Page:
Safeguarding the future of digital public space
Now, there are potentially dystopian aspects to augmenting public space with digital content. Put into the wrong hands we know that the internet empowers people to filter their news consumption to only those sources which confirm their existing biases, even to the extent of self-radicalising. There’s a danger that digitally augmenting the world could allow people to live in increasingly isolated and incompatible VERSIONS of reality. But equally, we can’t allow the digital dimension of public space to be controlled and curated by a single monolithic entity, no matter who it is; and we can’t allow digital public space to be bought up and monopolised as advertising space in the way so many of our physical public commons have been.
I’m absolutely convinced that digital place-making will be a defining aspect of the experience for the next generation. Wearable technology will break down barriers between their ‘online’ and ‘offline’ lives. Enabling people to discover meaning in the real places around them, and to make real connections with their neighbours and fellow users of the real world, is what motivates me to research and develop in this space.
This is why I’m so excited about the development of platforms for location-based content creation, exemplified by Hexology. Because the best way to tackle these questions is to empower as diverse a range of people as possible to make their mark on their public spaces, and to make their art, their heritage and their perspective into a permanent part of the digital dimension of their neighbourhoods. That’s what Hexology enables its users to do. And its aspirations go even wider.
The Future of Hexology seen through an AR headset
Over just the next 12-24 months a a range of multi-billion-dollar XR/Mixed Reality headsets are coming down the pipeline from some of the world’s most powerful companies (including the recent stealth-announcement of a headset by Niantic, the Google subsidiary which created the first location-based AR blockbuster Pokémon Go). In one form or another, Apple Google and Meta are all putting billions behind the idea that John Hanke, CEO of Niantic, calls the ‘Real-World-Metaverse’.
It’s the concept that many of us will soon mediate the world around us in a partially-digitised way, accessing information, adventure and (most importantly for their business models), advertising. It’s a technological paradigm shift on the scale of the smartphone revolution, and it’s going to transform our experience of walking down the street.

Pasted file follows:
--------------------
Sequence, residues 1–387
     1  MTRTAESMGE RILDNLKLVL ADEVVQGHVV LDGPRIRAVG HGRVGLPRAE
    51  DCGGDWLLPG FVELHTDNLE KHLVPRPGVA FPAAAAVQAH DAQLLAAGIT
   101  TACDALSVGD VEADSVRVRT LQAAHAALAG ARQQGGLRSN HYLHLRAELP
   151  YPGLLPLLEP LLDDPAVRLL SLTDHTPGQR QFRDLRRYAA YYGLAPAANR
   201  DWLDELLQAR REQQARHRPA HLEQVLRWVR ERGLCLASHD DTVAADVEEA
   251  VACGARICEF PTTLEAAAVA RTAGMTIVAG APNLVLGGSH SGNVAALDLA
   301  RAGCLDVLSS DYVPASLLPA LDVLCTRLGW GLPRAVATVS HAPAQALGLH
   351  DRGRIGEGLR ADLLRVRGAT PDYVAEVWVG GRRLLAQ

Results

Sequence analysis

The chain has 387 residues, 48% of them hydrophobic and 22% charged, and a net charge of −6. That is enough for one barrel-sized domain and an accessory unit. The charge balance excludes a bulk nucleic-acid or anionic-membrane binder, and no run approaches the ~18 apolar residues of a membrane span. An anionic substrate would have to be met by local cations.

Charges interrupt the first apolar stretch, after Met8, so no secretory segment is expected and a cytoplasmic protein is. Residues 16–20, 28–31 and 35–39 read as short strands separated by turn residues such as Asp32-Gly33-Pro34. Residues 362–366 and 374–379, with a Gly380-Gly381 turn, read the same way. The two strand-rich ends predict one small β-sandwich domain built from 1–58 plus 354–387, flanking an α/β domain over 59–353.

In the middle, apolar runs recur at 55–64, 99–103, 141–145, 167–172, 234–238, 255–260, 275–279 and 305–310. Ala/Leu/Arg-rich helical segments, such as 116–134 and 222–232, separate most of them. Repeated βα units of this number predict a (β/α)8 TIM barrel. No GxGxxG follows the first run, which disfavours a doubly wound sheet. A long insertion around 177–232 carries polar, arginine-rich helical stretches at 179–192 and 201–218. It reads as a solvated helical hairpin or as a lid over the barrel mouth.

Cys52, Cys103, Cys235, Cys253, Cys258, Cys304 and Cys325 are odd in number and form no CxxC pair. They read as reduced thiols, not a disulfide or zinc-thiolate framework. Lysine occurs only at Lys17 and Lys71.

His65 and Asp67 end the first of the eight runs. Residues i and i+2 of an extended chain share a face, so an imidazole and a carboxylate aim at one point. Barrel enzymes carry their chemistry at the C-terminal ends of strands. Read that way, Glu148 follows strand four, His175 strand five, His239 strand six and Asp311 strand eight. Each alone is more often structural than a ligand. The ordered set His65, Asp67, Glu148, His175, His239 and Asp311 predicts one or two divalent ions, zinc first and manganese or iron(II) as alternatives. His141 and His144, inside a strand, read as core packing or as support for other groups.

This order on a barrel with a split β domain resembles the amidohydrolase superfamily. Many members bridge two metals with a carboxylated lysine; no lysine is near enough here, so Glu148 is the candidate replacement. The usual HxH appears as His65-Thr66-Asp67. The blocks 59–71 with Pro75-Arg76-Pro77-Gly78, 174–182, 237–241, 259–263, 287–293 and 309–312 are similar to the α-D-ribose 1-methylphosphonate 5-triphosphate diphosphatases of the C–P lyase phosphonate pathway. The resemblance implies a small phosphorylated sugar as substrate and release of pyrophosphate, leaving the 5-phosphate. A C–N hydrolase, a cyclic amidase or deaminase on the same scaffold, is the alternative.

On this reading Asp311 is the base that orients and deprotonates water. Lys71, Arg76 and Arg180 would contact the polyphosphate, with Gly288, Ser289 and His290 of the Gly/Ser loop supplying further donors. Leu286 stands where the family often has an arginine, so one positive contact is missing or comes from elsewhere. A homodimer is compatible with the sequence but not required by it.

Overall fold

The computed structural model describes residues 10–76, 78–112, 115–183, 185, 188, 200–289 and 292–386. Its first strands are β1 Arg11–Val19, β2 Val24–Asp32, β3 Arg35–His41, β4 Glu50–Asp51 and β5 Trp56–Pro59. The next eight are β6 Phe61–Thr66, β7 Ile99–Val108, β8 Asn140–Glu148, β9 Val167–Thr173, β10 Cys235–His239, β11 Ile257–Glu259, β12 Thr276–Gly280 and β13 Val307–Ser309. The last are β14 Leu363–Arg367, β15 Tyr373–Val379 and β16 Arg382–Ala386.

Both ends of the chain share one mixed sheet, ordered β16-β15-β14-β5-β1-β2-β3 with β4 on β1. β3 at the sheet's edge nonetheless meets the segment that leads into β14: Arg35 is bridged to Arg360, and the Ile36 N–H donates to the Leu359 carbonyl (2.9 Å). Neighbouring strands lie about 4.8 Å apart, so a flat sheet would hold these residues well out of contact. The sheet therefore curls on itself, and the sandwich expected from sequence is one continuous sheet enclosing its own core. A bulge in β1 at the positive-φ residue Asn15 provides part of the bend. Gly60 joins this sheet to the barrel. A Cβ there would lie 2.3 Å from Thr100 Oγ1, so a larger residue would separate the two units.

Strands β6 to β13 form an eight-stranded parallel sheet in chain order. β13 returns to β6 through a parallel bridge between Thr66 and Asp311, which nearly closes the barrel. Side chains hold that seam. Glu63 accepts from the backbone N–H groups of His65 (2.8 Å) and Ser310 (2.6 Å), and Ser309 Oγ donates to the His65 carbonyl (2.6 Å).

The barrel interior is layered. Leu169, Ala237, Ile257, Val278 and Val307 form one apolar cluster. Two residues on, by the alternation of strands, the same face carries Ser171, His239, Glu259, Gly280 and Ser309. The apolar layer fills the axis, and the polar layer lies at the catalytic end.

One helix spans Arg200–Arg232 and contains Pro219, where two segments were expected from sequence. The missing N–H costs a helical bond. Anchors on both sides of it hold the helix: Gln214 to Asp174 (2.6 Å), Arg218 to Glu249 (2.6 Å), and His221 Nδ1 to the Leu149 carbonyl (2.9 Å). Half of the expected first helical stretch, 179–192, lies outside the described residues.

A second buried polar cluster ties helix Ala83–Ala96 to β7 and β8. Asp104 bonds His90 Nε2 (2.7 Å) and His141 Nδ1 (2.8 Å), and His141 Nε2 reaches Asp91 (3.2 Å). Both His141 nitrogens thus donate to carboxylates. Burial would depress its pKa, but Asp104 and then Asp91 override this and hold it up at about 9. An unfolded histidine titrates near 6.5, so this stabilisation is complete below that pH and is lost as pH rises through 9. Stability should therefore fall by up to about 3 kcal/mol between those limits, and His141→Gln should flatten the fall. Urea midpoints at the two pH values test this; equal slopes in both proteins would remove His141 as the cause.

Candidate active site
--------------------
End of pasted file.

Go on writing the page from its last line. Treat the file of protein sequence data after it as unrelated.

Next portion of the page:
Which is why developing the tools to discover the digital dimension of your neighbourhoods can’t just be left to the behemoths. And it’s why the Hexology platform, which already allows users to create and access place-based digital content and augmentation through an ordinary smartphone, is a key piece of the puzzle.
Hexology Builds Community
Creating content in place enriches the world around us, but also transforms public space into the heart of a community, making it an access point for cultural activity whatever your socio-economic class. It has enormous potential to fight social isolation, and to carve out channels of relatability and empathy between diverse communities. Hexology is an innovative technology platform, but it is also a cultural organisation that seeks to build local community networks in an innovative way. Through experimentation and by listening to communities they are expanding on their commitment to produce, and enable others to produce, high quality content. A process that will ultimately enable them to refine their platform to be a place that fosters responsible digital participation and social justice.
Building a national asset with Hexology
Investing in the creation of XR heritage content has the potential to build an open national asset: A spatial archive of community; a living and up-to-the-minute archaeology of cultural practices placed in context. Not to mention a new kind of platform for expressing and discovering new kinds of talent, from hyper-local content creators to civic technologists and community heroes.
Just a quick browse through Hexology shows how public spaces could become sites of not just monocultural messages and carefully-worded and workshopped labels, but intersections of a multitude of perspectives, public participations, and yes, promotions. It lets us imagine a not-too-distant-future where moving through public space is also an encounter with the range of people, past and present, whose lives and perspectives make up that place.
This is more than just a network of digital ‘blue plaques’: we can now imagine a digital dimension which is a living, growing celebration of the UK’s incomparable heritage and diversity.
Hexology presents an opportunity here to help establish the UK as a global leader in a new kind of digitised cultural practice, and create an exemplar of digitised public place-making which, very soon, will be relevant to every city in the world.
This is why I am so excited to be working in collaboration with Hexology to help build AR into its platform: in order to help future users discover rich ecosystems of augmented art, comment and civic participation which present and future artists will populate into public space. With some thinkers calling time on Social Media as we know it, I’m all the more excited for location-based AR to nudge us outdoors and back into our shared spaces, reclaim places as platforms for debate, self-expression and the exploration of the history and culture that is lying just beneath our feet.
Rob Morgan is a game writer, experience designer, digital dramaturg and founder and Creative Director of the AR studio Playlines. Playlines x KCL’s Fanny and Stella AR Exhibit prototype will be showcased at the official opening of the pedestrianised Strand-Aldwych area on Dec. 6th 2022, where it will become part of the growing, enriching digital dimension of location-based content which Hexology has created across the area.